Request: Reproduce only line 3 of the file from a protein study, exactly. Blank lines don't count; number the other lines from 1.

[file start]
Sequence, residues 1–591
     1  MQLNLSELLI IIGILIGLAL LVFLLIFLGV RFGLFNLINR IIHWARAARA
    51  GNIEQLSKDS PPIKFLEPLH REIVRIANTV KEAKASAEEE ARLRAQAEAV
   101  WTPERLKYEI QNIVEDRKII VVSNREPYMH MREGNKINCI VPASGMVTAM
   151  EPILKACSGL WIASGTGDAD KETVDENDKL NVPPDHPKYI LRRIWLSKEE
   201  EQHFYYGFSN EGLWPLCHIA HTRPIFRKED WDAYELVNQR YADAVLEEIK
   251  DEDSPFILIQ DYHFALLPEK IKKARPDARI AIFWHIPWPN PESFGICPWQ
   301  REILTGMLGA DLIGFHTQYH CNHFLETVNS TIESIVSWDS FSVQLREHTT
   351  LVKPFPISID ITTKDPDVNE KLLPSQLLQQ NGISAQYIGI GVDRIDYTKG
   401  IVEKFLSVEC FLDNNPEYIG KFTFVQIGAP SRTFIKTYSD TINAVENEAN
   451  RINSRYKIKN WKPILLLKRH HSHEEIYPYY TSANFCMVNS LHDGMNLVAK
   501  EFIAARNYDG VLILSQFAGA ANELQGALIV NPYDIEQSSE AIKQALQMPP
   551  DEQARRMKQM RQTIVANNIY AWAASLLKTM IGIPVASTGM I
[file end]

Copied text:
    51  GNIEQLSKDS PPIKFLEPLH REIVRIANTV KEAKASAEEE ARLRAQAEAV